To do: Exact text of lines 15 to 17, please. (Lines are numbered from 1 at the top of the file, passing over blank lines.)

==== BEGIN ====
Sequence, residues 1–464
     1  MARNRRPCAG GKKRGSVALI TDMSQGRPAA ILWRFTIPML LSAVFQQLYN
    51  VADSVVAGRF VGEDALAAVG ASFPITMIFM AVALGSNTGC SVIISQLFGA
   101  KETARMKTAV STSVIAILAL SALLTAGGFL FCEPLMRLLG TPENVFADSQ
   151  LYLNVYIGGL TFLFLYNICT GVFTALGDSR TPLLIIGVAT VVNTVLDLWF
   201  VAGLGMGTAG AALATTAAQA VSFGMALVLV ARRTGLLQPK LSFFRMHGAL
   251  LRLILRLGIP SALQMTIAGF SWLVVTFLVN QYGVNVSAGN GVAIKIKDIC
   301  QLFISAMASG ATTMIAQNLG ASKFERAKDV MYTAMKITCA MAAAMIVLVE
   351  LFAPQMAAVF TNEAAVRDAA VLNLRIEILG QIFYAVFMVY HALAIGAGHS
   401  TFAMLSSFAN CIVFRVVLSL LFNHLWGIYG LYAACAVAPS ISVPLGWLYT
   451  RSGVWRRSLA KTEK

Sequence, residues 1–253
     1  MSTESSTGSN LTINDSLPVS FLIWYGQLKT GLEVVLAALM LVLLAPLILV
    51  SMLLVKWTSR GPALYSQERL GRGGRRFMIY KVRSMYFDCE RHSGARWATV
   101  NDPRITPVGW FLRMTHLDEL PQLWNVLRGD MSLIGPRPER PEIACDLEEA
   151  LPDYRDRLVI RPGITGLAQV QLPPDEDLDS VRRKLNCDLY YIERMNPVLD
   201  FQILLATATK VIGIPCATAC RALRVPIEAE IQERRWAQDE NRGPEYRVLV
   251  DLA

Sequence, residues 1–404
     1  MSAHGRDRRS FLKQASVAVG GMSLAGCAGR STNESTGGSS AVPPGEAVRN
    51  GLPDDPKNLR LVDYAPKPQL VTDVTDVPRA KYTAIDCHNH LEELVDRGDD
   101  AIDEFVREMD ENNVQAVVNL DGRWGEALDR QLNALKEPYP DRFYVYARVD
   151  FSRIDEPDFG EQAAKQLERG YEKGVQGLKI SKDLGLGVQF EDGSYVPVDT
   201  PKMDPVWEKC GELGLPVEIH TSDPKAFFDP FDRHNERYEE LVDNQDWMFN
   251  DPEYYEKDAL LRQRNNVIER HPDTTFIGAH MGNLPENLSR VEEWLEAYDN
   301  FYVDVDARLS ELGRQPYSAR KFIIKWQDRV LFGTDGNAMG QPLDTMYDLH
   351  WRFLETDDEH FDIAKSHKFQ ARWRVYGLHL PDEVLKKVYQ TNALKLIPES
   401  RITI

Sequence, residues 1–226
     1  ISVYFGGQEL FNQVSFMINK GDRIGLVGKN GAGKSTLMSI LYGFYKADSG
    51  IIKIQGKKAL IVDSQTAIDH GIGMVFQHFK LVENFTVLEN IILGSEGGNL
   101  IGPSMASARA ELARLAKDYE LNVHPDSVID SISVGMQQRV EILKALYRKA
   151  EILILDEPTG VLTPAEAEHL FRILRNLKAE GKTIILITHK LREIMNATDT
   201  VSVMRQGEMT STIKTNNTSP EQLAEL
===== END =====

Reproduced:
   101  NDPRITPVGW FLRMTHLDEL PQLWNVLRGD MSLIGPRPER PEIACDLEEA
   151  LPDYRDRLVI RPGITGLAQV QLPPDEDLDS VRRKLNCDLY YIERMNPVLD
   201  FQILLATATK VIGIPCATAC RALRVPIEAE IQERRWAQDE NRGPEYRVLV